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50 Years Ago: Boys freeze after running away from boarding school

50 Years Ago: Boys freeze after  running away  from boarding school

The Bureau of Indian Affairs reported that two boys who ran away from the Crownpoint Boarding School had died after they tried to walk to their homes some 50 miles away.

A BIA press release stated that the two boys, identified as Ronald Yazzie, 9, and Willie B. Yazzie, 13, were found frozen to death on Jan. 13 about 30 miles northeast of Crownpoint. They were the sons of Mr. and Mrs. Norman Yazzie of Chaco Canyon.

A third brother, Ray Yazzie, 12, survived the night during which temperatures dipped down to an estimated 10 degrees below zero.

Al Adams, superintendent of the Navajo Police Department, later said that “this was the first incident this winter of schoolboys being found frozen to death after running away from a boarding school,” indicating that this was not an unusual occurrence on the Navajo Reservation.

BIA officials said the three brothers ran away from the boarding school during recess when temperatures were in the mid-30s. The three were dressed in jeans, shorts, shoes and light jackets.

Adams said the three had run away from the school in the past and had been caught and returned so search parties began their search in the area where the boys had been found in the past.

But realizing that this may happen, the boys, said Adams, bypassed the roads and went off-road and traveled cross-country.

The search for the boys began about two hours after they had been reported missing and continued through most of the night. When no trace of the three boys had been found by 3 a.m. the day afterwards, the search was called off until 7 a.m. when there was more light.

By 3 a.m. the searchers knew that the boys had come up with a new route to get home and they planned to start early in the morning with more searchers and dogs to see if they could find them.

Adams said the searchers were afraid that even by this time it may be too late given the temperatures and reports of what the three were wearing when they left the school.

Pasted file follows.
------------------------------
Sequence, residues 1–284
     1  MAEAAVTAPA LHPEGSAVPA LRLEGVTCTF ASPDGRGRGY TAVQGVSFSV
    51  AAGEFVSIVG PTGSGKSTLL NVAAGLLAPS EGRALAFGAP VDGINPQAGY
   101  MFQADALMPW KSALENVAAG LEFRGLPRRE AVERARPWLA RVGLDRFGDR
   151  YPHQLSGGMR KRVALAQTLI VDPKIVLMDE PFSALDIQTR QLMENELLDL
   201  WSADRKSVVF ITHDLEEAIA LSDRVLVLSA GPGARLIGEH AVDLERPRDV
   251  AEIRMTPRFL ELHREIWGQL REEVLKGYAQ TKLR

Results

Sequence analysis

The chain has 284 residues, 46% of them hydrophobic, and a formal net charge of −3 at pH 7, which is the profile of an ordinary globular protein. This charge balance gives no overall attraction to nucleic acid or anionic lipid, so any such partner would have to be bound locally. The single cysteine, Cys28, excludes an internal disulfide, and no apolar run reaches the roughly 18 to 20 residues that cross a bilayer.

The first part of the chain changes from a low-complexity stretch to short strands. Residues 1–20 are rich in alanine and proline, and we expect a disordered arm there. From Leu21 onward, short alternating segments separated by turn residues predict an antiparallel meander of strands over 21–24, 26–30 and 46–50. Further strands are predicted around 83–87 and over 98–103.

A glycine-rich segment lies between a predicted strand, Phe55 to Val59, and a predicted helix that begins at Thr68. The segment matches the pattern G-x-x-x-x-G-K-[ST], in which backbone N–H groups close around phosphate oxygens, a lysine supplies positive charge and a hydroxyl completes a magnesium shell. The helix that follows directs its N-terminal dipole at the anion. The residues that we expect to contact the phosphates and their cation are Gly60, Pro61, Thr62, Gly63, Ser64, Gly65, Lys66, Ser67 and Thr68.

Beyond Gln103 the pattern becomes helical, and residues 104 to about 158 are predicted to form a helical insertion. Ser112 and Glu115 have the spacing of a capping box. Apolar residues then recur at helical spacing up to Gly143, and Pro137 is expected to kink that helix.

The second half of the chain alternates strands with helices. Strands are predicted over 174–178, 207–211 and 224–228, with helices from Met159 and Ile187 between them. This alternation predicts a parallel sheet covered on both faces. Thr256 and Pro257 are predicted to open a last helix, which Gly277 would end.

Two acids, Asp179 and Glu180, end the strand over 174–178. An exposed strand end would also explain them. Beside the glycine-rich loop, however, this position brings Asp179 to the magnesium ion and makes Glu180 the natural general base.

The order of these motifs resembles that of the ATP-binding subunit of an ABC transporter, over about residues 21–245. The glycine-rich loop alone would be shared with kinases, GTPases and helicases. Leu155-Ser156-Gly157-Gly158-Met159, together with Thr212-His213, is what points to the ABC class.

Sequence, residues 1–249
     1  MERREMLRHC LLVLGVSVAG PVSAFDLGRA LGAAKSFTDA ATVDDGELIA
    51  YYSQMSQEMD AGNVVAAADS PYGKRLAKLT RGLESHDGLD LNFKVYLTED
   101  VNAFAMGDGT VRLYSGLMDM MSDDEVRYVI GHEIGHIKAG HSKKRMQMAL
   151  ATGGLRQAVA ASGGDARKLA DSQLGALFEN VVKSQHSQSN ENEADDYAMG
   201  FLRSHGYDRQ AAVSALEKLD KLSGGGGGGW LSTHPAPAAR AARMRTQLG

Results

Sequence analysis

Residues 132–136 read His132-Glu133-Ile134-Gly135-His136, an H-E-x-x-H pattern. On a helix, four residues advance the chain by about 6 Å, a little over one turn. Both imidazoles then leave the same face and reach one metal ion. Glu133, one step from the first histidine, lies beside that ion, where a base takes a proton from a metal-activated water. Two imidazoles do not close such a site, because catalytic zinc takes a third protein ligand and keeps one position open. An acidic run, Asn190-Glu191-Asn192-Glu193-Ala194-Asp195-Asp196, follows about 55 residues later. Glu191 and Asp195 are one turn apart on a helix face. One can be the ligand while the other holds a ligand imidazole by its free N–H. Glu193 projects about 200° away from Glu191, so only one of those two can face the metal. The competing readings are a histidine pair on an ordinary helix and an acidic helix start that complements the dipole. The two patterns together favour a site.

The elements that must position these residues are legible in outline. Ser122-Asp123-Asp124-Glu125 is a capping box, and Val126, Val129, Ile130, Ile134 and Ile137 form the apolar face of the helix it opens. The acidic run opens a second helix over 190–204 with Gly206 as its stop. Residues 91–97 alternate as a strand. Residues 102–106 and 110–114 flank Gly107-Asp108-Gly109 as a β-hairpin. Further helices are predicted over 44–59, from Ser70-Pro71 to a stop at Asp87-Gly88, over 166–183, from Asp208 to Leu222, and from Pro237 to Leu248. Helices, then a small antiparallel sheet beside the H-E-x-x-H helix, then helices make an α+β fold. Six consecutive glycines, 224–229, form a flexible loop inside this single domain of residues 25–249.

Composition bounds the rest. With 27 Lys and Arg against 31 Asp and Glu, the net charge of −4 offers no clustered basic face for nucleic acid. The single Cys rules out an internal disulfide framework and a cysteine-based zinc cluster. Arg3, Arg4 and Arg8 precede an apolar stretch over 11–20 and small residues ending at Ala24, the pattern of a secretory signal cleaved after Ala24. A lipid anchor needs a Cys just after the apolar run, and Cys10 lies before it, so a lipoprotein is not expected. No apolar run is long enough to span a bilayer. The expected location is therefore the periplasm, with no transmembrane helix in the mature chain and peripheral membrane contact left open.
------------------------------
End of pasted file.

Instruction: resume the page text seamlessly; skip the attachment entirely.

“Our only hope,” said Adams, “was that the boys found shelter somewhere and were able to make a fire.”

Ray Yazzie later told school authorities that when he woke up the next morning, he could not wake up his two brothers so he made his way to a nearby road and was picked up by an instructional aide from the school.

He was taken back to the school. The aide informed school officials where he picked up the boy and a search team was immediately sent there with Ray Yazzie to find his brothers. But when they did find them, it was too late.

Stewart Silentman, a Navajo Police officer who participated in the search, said the three brothers had just returned to the school after being home for Christmas vacation.

“They were lonesome for home and just took off,” he said.

Later reports said that Ray Yazzie was being treated at the Crownpoint Indian Health Service Hospital for frostbite and exposure.

Speaking of press releases, Navajo Tribal Chairman Raymond Nakai issued one on Jan. 12 expressing the deep sorrow of the tribe in hearing of the passing of Fr. Vin Hagel, a Franciscan missionary who died a couple of days before.

Hagel was one of the better-known priests on the reservation who had worked on the Navajo Reservation in both New Mexico and Arizona for some 19 years.

He was only 54 when he died but had worked on a number of projects that improved the lives of many Navajos, Nakai said.

It’s uncertain if Nakai ever met Hagel but the chairman said he had heard a lot of good things about him over the years and knew that his he had a “good heart” for helping the Navajo people.

According to his obituary, Hagel worked as a missionary at St. Michaels from1940 to 1943, at Chinle from 1943 to 1944, at Shiprock from 1944 to 1947, and back again to St. Michaels where he was named the superior for all Navajo missions, a position he served in from 1948 to 1954.

Many of the projects that Hagel undertook for the Navajo people are still around today.

His accomplishments include: A rectory and community center in Shiprock; a chapel at Sawmill; a dispensary at Lukachukai; a rectory and chapel at Klagetoh; a remodeling of the chapel at Greasewood; and the first phase of a chapel and rectory at Pinon.

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About The Author

Bill Donovan

Bill Donovan has been writing about the Navajo Nation government since 1971 and for the Navajo Times since 1976. He is currently semi-retired and is living in Torrance, California, and continues to report for the Navajo Times.


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